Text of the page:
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Below-average hurricane season forecast; officials advise readiness

Despite a premature start to the Atlantic hurricane season — with Tropical Storm Ana making landfall in the Myrtle Beach, South Carolina, area in early May — forecasters predict that the number of storms this year will again fall below normal.
There have been only four below-normal seasons total in the past 20 years.
With eight named storms, four of which could become hurricanes, including one major hurricane (Category 3 and higher, with winds of 111 mph or higher) predicted for the Atlantic Basin this season,’s long-range forecasting team anticipates two or three of these systems to make landfall in the United States.
The National Hurricane Center says there is a
70 percent chance of six to
11 named storms, three to six of which could become hurricanes, including up to two major hurricanes.
And the Tropical Meteorology Project at Colorado State University predicts eight named storms (including Ana in May), three of which would be hurricanes, including one major hurricane.
“Last year’s hurricane numbers were a little bit higher than what we’re forecasting right now, but the environmental conditions are somewhat similar to last year,” meteorologist Dan Kottlowski said.
“Last year’s upper-level winds actually looked like an El Niño-type pattern, so what we got last year will be pretty much the same as this year,” he said.
El Niño usually causes frequent periods of high wind shear. Wind shear causes the vertical column of spinning air within a system to become tilted, inhibiting the development of storms.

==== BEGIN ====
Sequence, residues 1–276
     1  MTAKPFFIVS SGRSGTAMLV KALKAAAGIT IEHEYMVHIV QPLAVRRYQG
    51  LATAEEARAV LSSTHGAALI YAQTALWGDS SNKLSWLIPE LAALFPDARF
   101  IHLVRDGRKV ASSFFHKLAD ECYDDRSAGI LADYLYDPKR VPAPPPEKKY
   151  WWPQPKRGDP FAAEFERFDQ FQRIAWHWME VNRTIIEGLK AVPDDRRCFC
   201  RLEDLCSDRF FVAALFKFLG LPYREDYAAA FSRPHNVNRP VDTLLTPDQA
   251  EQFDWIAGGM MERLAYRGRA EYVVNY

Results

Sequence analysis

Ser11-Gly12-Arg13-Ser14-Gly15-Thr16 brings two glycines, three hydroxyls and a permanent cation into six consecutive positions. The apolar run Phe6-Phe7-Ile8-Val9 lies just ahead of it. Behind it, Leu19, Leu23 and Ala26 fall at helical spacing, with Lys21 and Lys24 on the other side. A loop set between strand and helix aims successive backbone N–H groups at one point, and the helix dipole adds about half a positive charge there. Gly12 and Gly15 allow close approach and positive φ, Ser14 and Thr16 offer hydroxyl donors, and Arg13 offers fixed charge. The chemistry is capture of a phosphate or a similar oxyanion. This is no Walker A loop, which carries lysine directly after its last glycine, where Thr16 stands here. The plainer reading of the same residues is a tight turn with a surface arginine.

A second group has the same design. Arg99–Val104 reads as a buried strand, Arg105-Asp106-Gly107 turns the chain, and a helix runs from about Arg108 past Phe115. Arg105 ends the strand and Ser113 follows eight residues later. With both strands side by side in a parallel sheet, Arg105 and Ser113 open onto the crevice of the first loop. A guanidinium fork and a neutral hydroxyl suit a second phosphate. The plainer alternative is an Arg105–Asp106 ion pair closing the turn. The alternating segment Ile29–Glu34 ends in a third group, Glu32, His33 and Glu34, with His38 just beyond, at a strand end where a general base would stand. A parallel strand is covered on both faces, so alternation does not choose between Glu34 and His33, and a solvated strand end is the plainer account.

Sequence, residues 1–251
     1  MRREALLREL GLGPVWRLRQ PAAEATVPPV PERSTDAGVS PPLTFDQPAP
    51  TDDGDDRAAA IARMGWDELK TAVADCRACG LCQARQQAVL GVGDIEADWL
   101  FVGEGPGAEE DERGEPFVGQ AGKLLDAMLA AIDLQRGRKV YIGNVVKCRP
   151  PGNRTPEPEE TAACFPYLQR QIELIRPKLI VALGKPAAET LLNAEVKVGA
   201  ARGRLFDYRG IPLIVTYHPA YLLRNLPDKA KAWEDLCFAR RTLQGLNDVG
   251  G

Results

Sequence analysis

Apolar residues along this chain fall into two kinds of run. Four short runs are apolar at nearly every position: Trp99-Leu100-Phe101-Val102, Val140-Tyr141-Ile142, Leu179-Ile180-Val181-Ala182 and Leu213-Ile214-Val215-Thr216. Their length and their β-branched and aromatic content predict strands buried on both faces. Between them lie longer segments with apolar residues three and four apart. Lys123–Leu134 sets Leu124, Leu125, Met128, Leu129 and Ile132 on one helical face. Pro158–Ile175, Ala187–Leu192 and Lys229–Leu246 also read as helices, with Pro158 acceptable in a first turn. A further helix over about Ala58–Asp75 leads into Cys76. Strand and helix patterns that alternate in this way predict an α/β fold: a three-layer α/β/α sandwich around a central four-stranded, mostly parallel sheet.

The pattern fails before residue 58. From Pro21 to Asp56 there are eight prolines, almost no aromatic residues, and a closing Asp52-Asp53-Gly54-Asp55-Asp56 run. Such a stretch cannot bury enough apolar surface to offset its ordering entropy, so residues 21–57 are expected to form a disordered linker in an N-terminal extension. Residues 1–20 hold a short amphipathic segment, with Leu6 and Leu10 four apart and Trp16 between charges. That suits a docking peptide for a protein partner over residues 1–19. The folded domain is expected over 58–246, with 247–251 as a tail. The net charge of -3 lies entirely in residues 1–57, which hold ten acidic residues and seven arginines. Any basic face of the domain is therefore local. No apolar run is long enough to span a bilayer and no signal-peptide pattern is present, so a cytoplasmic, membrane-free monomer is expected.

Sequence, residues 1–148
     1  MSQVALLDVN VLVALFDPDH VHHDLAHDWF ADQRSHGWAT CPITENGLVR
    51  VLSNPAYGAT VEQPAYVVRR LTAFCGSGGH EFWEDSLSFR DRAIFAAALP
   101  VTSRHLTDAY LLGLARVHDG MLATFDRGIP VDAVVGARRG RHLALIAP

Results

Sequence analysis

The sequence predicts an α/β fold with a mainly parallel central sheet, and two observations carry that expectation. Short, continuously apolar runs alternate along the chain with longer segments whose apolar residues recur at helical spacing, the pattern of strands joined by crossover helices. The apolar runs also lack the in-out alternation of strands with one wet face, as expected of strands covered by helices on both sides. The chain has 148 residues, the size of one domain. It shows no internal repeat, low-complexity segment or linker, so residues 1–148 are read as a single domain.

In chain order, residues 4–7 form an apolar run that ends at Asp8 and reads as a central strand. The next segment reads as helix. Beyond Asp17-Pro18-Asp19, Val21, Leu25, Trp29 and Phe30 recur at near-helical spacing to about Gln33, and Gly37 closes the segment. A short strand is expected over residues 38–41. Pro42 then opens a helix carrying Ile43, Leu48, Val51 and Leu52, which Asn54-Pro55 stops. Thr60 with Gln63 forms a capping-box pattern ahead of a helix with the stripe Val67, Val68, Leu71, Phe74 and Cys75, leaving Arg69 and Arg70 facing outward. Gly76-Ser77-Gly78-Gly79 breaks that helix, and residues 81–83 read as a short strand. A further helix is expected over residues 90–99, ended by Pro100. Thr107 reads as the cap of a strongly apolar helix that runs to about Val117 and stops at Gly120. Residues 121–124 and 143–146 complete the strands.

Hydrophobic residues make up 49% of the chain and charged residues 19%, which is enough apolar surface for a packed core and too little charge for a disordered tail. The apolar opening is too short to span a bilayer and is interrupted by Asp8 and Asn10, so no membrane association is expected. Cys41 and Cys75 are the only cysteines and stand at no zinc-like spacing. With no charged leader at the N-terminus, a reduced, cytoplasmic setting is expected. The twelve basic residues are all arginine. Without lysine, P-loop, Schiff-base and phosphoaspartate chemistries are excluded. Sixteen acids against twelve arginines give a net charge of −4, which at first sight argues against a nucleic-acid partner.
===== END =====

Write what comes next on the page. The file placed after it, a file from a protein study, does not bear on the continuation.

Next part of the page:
However, the similarities between 2014 and 2015 do not suggest that storms will develop in the same spots as last year, Kottlowski stressed.
And National Oceanic and Atmospheric administrator Dr. Kathryn Sullivan said people should still be vigilant even if only a small number of named storms are forecast.
“A below-normal season doesn’t mean we’re off the hook. As we’ve seen before, below-normal seasons can still produce catastrophic impacts to communities,” Sullivan said. She referred to the 1992 season in which only seven named storms formed, yet the first was Andrew, a Category 5 hurricane that devastated South Florida.
A combination of drier-than-normal air and colder water over an important region of the southern North Atlantic will affect where storms form.
In 2014, only one named storm, Hurricane Arthur, hit the U.S., disrupting Independence Day festivities along the Eastern Seaboard.
This year, the biggest area of concern is the Gulf of Mexico.
“The water temperatures are warmer (in the Gulf) than in the past few years, and this could support early season development,” Kottlowski said. “But, I don’t want to diminish the potential for anywhere along the coast to be hit by a hurricane or a tropical storm this year.”
Above all else, Kottlowski urges those in coastal areas to prepare for this season.
Know if you live in an evacuation zone and, if you do, know your evacuation route in advance. Update or create a hurricane-preparation kit, which should include copies of all important documents and items you would take with you to a hurricane shelter. Also, check your insurance coverage and buy non-perishable supplies now, he said.
“Just because this season’s numbers are low, it doesn’t mean that people should let their guard down,” he said. “It only takes one storm to cause a lot of destruction.”
Federal Emergency Management Agency deputy administrator Joseph Nimmich agreed.
“It only takes one hurricane or tropical storm making landfall in your community to significantly disrupt your life,” Nimmich said. “Everyone should take action now to prepare themselves and their families for hurricanes and powerful storms. Develop a family communications plan, build an emergency supply kit for your home and take time to learn evacuation routes for your area. Knowing what to do ahead of time can literally save your life and help you bounce back stronger and faster should disaster strike in your area.”

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